Are You (or Your Spouse) Legally Competent to Divorce?
September 9th, 2013
Many people joke that all people getting divorced have temporary diminished capacity because it is during divorce that we often see otherwise confident, smart and successful people engage in foolish behaviors. But, putting aside the joke, there are people who actually suffer from mental disorders which, in fact, render them incompetent to seek and maintain a divorce action.
The Law Presumes Capacity
The law presumes that parties have sufficient mental capacity to get married and to divorce. The law also holds that a diagnosis of a mental disorder alone does not render a person legally incapacitated. As mental disorders are more and more frequently diagnosed and as more and more people divorce late in life while often seeing the onset of dementia, the issues that surround the capacity to divorce increases.
At a very minimum, the mentally incapacitated spouse must be able to exercise a judgment and can express that he or she wants to end the marriage. This is a very low standard and can be met even if the spouse is under conservatorship or represented by and through a court-appointed guardian (guardian ad litem). Because mental capacity can change even after one has met this very minimal standard to commence the divorce, the incapacitated person must also remain capable, throughout the proceeding, of exercising a judgment and, again, expressing the continued wish to terminate the marriage.
Many complications arise for the lawyers involved in these cases including knowing when to appoint a guardian ad litem or to seek a conservatorship for the incapacitated spouse; without such legal protection, the attorney may not have the authority to act on behalf of the incapacitated spouse. Also, there is a significant concern with regard to the fiduciary duties in a marriage. The spouse who is not incapacitated (i.e., the well spouse), and his or her attorney, must be hyper-vigilant to protect the well spouse from claims that he or she breached a fiduciary duty owed to the incapacitated spouse. An important way to protect against such claims is for the well spouse to seek a guardian ad litem or conservator – someone other than the spouse – to represent the incapacitated spouse in the divorce.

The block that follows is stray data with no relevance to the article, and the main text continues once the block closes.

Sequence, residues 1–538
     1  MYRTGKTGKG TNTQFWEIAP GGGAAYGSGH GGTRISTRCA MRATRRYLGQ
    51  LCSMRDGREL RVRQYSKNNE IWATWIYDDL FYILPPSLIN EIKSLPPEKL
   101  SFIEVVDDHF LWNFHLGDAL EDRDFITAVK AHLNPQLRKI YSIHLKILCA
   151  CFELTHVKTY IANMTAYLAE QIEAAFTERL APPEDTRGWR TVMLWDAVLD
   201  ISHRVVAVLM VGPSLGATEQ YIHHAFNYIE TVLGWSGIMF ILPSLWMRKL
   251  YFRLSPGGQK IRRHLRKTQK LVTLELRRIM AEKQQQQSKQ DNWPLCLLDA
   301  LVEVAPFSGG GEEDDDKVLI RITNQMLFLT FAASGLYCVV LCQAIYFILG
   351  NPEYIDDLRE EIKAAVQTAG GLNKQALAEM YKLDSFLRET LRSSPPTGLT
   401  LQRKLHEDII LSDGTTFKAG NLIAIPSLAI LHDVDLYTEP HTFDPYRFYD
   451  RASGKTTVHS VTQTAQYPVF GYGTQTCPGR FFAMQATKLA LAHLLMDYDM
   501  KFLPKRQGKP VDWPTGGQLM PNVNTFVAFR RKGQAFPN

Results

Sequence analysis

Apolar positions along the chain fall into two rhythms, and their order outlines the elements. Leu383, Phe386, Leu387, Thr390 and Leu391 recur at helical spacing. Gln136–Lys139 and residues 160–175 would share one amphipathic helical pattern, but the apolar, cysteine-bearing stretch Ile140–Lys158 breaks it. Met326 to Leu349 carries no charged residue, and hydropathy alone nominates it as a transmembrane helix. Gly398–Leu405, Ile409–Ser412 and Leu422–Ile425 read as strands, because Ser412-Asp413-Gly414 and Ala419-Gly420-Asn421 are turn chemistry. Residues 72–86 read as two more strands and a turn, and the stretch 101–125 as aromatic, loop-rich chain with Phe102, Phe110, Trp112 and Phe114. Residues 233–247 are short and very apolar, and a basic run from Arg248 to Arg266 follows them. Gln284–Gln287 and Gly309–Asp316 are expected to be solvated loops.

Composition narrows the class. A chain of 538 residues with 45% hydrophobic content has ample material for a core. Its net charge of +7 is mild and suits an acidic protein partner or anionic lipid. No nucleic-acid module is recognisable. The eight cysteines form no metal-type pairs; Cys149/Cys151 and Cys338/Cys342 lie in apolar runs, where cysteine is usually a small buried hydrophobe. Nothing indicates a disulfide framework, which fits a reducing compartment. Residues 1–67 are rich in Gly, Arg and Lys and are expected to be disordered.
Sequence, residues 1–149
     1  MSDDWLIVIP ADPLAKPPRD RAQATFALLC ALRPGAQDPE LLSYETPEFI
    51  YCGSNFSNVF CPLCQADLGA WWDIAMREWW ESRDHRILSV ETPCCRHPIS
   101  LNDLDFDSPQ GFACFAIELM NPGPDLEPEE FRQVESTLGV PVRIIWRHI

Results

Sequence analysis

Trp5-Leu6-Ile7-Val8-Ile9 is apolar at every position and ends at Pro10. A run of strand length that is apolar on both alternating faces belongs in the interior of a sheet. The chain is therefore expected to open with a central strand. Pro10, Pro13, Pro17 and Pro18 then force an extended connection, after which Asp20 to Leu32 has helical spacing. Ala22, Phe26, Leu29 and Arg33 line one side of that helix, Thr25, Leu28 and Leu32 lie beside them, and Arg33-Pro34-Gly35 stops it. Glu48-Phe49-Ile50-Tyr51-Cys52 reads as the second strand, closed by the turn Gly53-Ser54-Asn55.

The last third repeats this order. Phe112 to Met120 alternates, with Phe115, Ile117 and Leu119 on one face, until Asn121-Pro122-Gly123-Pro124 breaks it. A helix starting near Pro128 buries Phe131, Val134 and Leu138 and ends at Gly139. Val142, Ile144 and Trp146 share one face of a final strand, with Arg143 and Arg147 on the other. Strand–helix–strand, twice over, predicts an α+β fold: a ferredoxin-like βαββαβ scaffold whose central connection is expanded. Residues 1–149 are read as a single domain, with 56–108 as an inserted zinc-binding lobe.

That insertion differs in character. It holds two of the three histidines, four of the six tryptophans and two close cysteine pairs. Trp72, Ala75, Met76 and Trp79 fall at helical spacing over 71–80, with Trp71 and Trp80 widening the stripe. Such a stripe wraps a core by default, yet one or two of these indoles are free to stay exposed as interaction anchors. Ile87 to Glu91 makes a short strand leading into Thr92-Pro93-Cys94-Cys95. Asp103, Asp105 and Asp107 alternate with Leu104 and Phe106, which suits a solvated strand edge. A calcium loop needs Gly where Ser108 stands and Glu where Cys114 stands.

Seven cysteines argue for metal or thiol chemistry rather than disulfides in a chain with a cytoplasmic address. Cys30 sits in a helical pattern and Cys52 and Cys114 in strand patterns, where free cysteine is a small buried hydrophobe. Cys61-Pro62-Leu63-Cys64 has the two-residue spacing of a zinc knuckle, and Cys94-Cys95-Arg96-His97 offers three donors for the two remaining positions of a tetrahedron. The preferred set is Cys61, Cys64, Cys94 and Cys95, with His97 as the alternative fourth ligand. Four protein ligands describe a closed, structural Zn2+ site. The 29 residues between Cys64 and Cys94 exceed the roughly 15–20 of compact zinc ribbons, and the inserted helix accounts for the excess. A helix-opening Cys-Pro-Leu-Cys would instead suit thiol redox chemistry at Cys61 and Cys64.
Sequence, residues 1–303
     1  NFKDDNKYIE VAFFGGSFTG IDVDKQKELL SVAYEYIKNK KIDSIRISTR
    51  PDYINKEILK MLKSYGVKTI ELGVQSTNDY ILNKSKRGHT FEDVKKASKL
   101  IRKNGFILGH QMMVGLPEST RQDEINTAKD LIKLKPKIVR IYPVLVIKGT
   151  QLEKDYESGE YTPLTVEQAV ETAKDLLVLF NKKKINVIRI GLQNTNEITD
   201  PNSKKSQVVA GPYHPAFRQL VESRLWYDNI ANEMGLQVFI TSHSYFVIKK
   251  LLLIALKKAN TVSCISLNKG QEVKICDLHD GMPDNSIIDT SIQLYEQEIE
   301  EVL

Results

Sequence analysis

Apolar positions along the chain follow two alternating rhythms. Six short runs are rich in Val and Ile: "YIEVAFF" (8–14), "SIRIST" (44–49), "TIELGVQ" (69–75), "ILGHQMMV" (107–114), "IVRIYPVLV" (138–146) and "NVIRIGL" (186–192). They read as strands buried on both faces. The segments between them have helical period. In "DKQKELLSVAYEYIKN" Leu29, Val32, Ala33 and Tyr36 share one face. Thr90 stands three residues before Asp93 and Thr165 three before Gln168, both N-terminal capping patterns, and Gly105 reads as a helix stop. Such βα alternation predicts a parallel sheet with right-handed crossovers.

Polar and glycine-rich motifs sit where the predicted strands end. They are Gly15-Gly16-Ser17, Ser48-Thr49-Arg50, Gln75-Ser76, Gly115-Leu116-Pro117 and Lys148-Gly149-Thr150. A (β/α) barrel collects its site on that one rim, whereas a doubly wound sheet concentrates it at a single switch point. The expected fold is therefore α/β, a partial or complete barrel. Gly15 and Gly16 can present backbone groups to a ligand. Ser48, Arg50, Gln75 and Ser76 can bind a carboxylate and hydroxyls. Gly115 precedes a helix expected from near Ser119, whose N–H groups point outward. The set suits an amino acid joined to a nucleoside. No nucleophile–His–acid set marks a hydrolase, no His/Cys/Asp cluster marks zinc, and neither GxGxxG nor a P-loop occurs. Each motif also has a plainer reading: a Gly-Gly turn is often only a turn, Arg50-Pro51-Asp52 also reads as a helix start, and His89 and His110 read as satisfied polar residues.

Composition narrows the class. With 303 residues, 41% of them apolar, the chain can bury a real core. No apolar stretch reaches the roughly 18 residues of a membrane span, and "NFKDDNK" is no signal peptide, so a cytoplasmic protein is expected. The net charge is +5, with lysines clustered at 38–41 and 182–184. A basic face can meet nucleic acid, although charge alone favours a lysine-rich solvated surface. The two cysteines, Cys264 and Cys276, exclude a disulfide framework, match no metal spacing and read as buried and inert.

What to Do
If a lawyer or a party believes one of the parties may lack the mental capacity required by the law to seek and maintain a divorce, it is necessary to employ experts. In addition to working with a family law attorney, it is wise to consult with an estate planner because the definitions and parameters for determining legal incapacity are mostly derived from the Probate Code in defining testamentary capacity (that is, having the mental capacity to create a valid will), which is similar to the capacity to marry and divorce. Also, working with doctors is critical in this assessment. Not all mental disorders render a person legally incompetent, which is why experts are critical in this determination.
In California, “[i]t has been held over and over in this state that old age, feebleness, forgetfulness, filthy personal habits, personal eccentricities, failure to recognize old friends or relatives, physical disability, absent-mindedness and mental confusion do not furnish grounds for holding that a testator lacked testamentary capacity.” (Estate of Selb (1948) 84 Cal.App.2d 46 49 (Estate of Selb); Prob. Code, § 6100.5). As noted above, if a person with these deficiencies can still be held capable of creating a valid will, such a person can also be held competent to enter into a divorce.